Based on the experience gained in the National Demonstration Programme, it was felt that there was a need to extend the concept of National Demonstration on an area or water-shed basis. Hence whole village or watershed Operational Research Projects involving an integrated approach to rural community problems through cooperation of local agencies, voluntary organisations, State Development Departments, agricultural universities etc. were initiated in the V Plan. At present 102 Operational Research Projects in specific and specialised areas are functioning and quite a few of these have fish culture as one of the components. The Operational Research Project on composite fish culture was initiated under Central Inland Fisheries Research Institute in March, 1975 at Krishnagar, District Nadia, West Bengal.

The Operational Research Project at Krishnagar has demonstrated that high fish yields can be obtained from large water bodies of over 1 to 2 ha through Composite fish culture and the technology is technically feasible and is economically viable. A large number of cooperative societies have now taken up composite fish culture in large beels in different parts of West Bengal.

The fish production through adoption of technology by the farmers in the area has increased many fold and has thus given a philip to the fish production in the area. This has convinced the fish farmers about the production potential of the technology.

As a result of this project local educated unemployed youth of the area have grouped themselves together to form cooperative societies, who arrange the sale of fish harvested from the project ponds on commission basis and also supply inputs for fish culture (Sharma et al., 1983).

Production trials conducted on integrating composite fish culture with livestock raising in the farmers' pond have proved that cost on inputs which is one of the major constraints in the adoption of this technology by rural people can be reduced considerably by recycling the excreta of livestock which are raised along with fish. The expenditure incurred on animal raising is off set through the sale proceeds of the eggs and animal meat. The three systems of fish-cum-pig, fish-cum-duck and fish-cum-poultry farming have been developed and demonstrated to the farmers of the area (Sharma et al., 1979).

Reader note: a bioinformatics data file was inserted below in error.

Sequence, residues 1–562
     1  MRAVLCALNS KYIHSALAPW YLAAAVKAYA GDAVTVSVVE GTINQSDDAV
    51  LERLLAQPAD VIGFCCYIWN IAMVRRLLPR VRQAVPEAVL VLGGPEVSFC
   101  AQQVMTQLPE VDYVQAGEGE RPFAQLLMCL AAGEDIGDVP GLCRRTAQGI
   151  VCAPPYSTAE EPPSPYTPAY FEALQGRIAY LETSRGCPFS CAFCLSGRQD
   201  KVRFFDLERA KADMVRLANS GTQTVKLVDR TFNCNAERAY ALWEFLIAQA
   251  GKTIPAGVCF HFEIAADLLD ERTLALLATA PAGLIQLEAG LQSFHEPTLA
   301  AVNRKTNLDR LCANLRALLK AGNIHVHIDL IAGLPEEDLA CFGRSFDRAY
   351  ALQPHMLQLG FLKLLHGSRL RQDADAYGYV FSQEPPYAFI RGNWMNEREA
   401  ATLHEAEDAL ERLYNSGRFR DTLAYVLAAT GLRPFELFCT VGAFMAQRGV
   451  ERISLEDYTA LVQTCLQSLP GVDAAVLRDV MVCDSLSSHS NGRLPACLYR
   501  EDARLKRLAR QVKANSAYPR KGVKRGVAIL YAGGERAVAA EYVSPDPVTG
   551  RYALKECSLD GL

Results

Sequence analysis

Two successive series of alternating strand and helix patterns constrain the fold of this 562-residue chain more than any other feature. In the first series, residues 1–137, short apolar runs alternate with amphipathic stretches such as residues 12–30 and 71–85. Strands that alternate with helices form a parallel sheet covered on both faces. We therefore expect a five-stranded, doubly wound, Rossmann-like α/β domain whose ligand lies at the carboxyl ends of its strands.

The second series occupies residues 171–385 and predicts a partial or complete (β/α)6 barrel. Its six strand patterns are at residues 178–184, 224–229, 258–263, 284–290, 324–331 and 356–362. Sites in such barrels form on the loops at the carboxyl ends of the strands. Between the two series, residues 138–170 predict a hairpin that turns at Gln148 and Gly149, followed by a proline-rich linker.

Some of the Operational Research Projects such as Operational Research Projects of Jute Agricultural Research Institute, Barrackpore (West Bengal) and Operational Research Project of Orissa University of Agriculture & Technology, Bhubaneswar (Orissa), Operational Research Project of Central Plantation Research Institute, Kesaragod, Kerala, Operational Research Projects of Central Rice Research Institute, Cuttack, Orissa, Operational Research Project on Diaraland of Bihar Agricultural University (Bihar), Operational Research Project of Soil Salinity Research Institute in Sunderbans etc. are doing commendable work on transfer of technology of composite fish culture in their respective areas (ICAR, 1977).

4.6 CIFRI/IDRC Rural Aquaculture Project.

This project was launched by the Central Inland Fisheries Research Institute in collaboration with the International Development Research Centre (IDRC) of Canada with a 3-year programme on technology transfer in 1975. It was operated in some of the selected villages of West Bengal and Orissa with the objective to promote aquaculture through demonstrations under actual field conditions.

In all, 73 villages, involving 111 farmers and 26 institutions were covered. The approach was to give demonstrations on various aspects of fish culture, through provision of all material and biological inputs together with complete 'knowhow' by the projects. The farmers participated in the programme throughout the period in stage-by-stage operations and received the harvest at the end, which provided them enough financial and technical expertise to take up aquaculture on their own. The project not only made a real impact during its operational phase but has created a class of neo-fish farmers who are well motivated to practice good management, who are learning from one another and providing each other continued social support and positive reinforcement even now when the project has ceased to function (CIFRI, 1979).

4.7 Fish Farmers' Development Agencies.

During the Fifth Five Year Plan, based on the recommendations of the Technical Committee on Inland Fisheries to provide intensive extension support for rapid development of fish culture and self employing the rural people, the Ministry of Agriculture, Government of India approved of a Central Scheme to set up Fish Farmers' Development Agencies (FFDA) on pilot basis in various states of the country. The State of Orissa has the largest number of such agencies followed by West Bengal, Uttar Pradesh and other States. The FFDAs are autonomous agencies which function under the Chairmanship of the respective District Collectors. These agencies are expected to provide the much needed field mechanism to popularise the technology of composite fish culture amongst the farmers and also coordinate the activities of various institutional agencies engaged in inland fisheries development. It is mainly concerned with providing training to selected persons interested in fish culture, assisting them in securing suitable water resources for the purpose, sponsoring the purposes for grant of loans by banks, arranging necessary technical support, organising supply of fish seed and other inputs and finally enabling the farmers in marketing of their catch. Evaluations made by the National Council of Applied Economic Research reveal that the success stories of the FFDAs have created confidence among those who were hitherto reluctant to adopt the recommended practice of composite fish culture technology. At present there are 102 FFDAs in the country under the centrally sponsored scheme and some more under the State Sector and are actively engaged in transfer of technology programme (Dehadrai, 1982).